TUESDAY, Jan. 8 (HealthDay News) -- The sexually transmitted disease gonorrhea is becoming increasingly resistant to available antibiotics, including the last oral antibiotic used to treat the bacterium, new Canadian research shows.
In a study of nearly 300 people infected with Neisseria gonorrhoeae, the researchers found a treatment failure rate of nearly 7 percent in people treated with cefixime, the last available oral antibiotic for gonorrhea.
"Gonorrhea is a bacterium that's phenomenal in its ability to mutate quickly, and we no longer have the same abundance of options anymore," said study author Dr. Vanessa Allen, a medical microbiologist with Public Health Ontario in Toronto. "We need to start thinking about how we give antibiotics in view of a pipeline that's ending. I think gonorrhea will become a paradigm for drug resistance in general."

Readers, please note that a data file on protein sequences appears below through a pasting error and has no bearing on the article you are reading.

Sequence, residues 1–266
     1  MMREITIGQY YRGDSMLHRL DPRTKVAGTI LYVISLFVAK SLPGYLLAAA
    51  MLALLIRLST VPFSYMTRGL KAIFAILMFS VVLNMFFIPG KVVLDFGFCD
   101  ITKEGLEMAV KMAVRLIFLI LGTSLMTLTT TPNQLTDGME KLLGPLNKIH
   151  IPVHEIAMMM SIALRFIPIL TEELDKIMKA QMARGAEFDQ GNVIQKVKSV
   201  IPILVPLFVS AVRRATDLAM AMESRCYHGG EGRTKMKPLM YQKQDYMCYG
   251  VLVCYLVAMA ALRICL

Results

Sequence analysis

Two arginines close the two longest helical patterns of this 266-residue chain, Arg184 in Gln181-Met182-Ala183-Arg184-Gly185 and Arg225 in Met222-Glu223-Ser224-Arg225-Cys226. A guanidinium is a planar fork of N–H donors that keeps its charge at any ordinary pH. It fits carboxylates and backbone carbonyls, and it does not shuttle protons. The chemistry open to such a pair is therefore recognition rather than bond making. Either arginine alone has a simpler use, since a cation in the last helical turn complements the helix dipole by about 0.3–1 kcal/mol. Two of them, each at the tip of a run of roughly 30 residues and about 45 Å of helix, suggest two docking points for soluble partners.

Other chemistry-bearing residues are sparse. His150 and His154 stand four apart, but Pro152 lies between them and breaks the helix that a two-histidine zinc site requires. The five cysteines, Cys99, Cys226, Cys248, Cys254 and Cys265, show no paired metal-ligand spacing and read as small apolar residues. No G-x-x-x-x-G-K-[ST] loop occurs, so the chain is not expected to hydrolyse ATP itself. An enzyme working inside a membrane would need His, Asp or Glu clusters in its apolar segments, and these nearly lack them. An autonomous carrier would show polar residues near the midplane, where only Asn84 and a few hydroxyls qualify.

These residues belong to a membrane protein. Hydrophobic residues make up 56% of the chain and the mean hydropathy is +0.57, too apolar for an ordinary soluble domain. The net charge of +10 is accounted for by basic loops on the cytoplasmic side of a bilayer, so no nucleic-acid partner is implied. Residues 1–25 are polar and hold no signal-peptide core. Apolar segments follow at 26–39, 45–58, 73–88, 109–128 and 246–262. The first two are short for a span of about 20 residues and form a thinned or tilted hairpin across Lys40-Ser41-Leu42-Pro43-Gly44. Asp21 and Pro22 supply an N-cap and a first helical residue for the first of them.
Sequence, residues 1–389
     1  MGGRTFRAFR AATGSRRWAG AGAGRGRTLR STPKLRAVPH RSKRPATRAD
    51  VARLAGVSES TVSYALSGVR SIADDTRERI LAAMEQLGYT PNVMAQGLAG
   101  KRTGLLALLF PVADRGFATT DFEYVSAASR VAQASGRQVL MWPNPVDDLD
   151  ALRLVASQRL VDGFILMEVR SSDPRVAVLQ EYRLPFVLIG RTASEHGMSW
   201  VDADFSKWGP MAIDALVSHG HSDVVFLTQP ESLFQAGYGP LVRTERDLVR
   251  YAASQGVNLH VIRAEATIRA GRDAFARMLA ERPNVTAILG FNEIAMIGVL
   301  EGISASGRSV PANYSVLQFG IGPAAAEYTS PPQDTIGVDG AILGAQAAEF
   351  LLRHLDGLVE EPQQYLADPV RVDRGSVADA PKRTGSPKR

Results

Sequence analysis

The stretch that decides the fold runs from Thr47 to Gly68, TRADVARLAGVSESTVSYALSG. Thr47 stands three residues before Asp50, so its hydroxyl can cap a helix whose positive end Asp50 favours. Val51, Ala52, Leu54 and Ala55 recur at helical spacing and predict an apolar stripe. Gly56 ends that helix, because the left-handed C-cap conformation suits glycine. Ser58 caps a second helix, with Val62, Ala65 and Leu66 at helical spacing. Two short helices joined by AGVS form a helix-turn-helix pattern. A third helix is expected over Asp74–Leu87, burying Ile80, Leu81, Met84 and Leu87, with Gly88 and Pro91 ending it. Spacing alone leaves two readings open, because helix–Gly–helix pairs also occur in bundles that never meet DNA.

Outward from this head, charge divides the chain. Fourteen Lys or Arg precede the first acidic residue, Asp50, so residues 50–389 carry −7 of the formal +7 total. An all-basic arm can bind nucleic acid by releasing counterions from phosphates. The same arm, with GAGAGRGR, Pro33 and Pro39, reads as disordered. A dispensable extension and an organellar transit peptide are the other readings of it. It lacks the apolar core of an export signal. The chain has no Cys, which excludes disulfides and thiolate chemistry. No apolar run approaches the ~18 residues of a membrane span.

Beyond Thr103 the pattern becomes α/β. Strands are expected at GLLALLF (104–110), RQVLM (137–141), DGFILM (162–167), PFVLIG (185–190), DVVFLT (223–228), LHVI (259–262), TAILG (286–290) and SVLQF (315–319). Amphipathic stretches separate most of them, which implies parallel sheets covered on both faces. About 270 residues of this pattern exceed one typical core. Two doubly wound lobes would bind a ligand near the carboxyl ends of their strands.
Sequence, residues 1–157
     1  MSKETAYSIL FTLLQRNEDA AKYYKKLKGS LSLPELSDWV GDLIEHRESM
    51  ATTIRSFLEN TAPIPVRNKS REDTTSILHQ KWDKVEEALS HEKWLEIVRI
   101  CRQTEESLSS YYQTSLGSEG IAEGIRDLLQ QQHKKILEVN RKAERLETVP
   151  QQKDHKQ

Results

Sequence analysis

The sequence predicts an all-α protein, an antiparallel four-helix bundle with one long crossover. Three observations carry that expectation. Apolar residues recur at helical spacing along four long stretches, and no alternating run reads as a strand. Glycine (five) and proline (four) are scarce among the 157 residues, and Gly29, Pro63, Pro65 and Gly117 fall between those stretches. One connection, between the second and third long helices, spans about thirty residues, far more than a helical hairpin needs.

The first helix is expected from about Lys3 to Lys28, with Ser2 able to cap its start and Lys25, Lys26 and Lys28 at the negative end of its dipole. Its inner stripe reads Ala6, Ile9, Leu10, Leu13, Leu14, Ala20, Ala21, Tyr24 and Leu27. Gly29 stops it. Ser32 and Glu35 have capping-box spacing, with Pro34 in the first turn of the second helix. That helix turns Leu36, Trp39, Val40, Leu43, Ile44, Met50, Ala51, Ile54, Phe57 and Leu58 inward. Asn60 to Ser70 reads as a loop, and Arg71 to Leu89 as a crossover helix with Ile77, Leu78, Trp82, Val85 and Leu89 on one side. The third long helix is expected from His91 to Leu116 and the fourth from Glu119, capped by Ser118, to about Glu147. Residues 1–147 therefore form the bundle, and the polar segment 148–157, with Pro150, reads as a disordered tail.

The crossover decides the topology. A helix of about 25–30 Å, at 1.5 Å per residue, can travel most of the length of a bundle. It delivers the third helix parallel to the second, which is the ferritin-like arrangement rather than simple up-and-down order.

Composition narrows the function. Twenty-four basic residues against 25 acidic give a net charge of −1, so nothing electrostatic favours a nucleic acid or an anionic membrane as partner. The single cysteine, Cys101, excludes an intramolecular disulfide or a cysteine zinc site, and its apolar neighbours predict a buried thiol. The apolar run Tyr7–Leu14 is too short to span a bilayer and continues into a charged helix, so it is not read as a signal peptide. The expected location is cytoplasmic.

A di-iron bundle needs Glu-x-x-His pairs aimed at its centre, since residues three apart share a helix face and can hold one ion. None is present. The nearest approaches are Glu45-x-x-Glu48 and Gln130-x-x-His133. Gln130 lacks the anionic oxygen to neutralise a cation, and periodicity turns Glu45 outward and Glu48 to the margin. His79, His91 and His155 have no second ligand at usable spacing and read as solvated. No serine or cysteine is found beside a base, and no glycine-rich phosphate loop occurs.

Another expert agreed.
"We've been lucky. For quite some time, we've had treatments for gonorrhea that are simple, cheap and effective, and a single dose," explained Dr. Robert Kirkcaldy, a medical epidemiologist with the U.S. Centers for Disease Control and Prevention, who wrote an editorial accompanying the study. "But now we're running out of treatment options, and there's a very real possibility that there will be untreatable gonorrhea in the future. This is a serious public health crisis on the horizon."
The CDC is so concerned that the agency issued new treatment recommendations last August. The CDC advised doctors to stop using cefixime to treat gonorrhea, and instead use the injectable antibiotic ceftriaxone. Ceftriaxone is in the same class of antibiotics as cefixime.
The CDC has also recommended that physicians closely monitor their patients to ensure that the treatment is working, and to add a second class of antibiotics to treatment if they suspect the ceftriaxone injection hasn't knocked out th
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